This action might not be possible to undo. Are you sure you want to continue?
The Two-Nation Theory also known as The Ideology of Pakistan1 was the basis for the Partition of India in 1947. It stated that Muslims and Hindus were two separate nations by every definition, and therefore Muslims should have a self-governing homeland in the Muslim majority areas of British India for the safeguard of their political, cultural, and social rights, within or without a United Nation. The two nation theory is the reason Pakistan came into being and acquired independence.
The Two-Nation Theory or Islamic Ideology of Pakistan was merely a negation of the philosophy that the Indian sub-continent was only one nation. The Two Nation Theory explains that Indian sub-continent has two large communities as Hindus and the Muslims. The Two Nation Theory developed through an evolutionary process. The Muslim modernist and reformer Sir Syed Ahmed Khan (1817-1898) was the pioneer of the Two Nation Theory. He used the word “Two-Nations” for Hindus and Muslims once he was convinced of the Hindu and Congress’s hatred and prejudice towards the Muslims of the sub Continent. The famous poet and philosopher Allama Muhammad Iqbal (1877-1938), provided the philosophical explanation whereas Barrister Muhammad Ali Jinnah (1871-1948) translated it into the political reality of a nation state.2 The All-India Muslim League, in attempting to represent Indian Muslims, felt that the Muslims of the subcontinent were a distinct and separate nation from the Hindus. At first they demanded separate electorates, but when they came to the conclusion that Muslims would not be safe in a Hindu-dominated India, they began to demand a separate state. The League demanded selfdetermination for Muslim-majority areas in the form of a sovereign state promising minorities equal rights and safeguards in these Muslim majority areas.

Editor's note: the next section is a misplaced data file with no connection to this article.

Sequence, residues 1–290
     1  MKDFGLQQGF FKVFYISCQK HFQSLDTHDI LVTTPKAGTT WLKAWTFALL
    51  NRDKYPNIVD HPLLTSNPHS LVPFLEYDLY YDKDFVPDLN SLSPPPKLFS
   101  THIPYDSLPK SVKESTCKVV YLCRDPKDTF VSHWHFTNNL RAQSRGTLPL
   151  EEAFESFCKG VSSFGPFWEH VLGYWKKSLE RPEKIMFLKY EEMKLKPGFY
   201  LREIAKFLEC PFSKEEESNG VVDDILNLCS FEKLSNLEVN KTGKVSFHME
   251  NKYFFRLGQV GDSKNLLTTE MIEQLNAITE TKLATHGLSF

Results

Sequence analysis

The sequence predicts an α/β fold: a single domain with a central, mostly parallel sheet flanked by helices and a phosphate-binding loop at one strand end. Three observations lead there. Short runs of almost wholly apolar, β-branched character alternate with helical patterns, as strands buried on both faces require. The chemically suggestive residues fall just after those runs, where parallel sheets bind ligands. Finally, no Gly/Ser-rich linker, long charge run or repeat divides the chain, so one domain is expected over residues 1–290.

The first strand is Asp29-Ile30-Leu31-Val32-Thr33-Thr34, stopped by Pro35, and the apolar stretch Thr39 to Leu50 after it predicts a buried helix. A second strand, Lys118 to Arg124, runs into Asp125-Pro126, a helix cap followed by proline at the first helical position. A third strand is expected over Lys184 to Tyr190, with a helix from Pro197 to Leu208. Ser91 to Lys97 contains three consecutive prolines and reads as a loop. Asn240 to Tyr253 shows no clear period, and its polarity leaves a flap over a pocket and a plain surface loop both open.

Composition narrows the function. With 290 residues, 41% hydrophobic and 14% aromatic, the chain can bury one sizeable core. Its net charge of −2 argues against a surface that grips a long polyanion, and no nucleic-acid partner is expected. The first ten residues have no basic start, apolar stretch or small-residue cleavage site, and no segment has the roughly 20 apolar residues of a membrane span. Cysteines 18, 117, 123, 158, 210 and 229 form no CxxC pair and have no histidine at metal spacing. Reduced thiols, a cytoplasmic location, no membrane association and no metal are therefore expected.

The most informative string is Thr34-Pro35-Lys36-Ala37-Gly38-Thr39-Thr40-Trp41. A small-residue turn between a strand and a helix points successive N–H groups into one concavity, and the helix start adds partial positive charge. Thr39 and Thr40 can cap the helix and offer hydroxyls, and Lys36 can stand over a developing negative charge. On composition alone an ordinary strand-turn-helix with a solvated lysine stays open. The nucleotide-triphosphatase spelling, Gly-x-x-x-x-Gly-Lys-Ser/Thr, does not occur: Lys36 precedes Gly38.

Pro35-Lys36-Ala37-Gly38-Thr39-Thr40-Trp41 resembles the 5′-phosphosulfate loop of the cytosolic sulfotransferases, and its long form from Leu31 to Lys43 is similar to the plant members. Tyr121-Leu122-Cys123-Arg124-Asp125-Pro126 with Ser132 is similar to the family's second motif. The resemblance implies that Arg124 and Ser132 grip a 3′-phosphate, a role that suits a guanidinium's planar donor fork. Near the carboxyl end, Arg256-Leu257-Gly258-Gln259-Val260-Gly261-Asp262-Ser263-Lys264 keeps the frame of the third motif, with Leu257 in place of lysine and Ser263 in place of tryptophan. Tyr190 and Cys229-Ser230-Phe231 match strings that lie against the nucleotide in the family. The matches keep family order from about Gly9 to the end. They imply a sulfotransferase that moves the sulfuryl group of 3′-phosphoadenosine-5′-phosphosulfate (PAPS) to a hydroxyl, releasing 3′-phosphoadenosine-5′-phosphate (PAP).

1 Samina Mallah,"Two-Nation Theory Exists," Pakistan Times, hereafter, Mallah, “Two Nation” 2 http://en.wikipedia.org/wiki/Two_Nation_Theory#cite_note-Two-Nation_Theory_Exists-0
The evidence cited for the differences dates to the beginning of the eleventh century, when the scholar Al-Bairuni (973-1048) observed that Hindus and Muslims differed in all matters and habits. Allama Iqbal's presidential address to the Muslim League on December 29, 1930 is seen as the first introduction of the two-nation theory in support of what would ultimately become Pakistan. Ten years later, Jinnah made a speech in Lahore on March 22, 1940 which was very similar to Al-Biruni's thesis in theme and tone. Jinnah stated that Hindus and Muslims belonged to two different religious philosophies, with different social customs and literature, with no intermarriage and based on conflicting ideas and concepts. Their outlook on life and of life was different and despite 1,000 years of history, the relations between the Hindus and Muslims could not attain the level of cordiality.3
MUHAMMAD ALI JINNAH’S ROLE IN THE DEVELOPMENT OF TWO NATION THEORY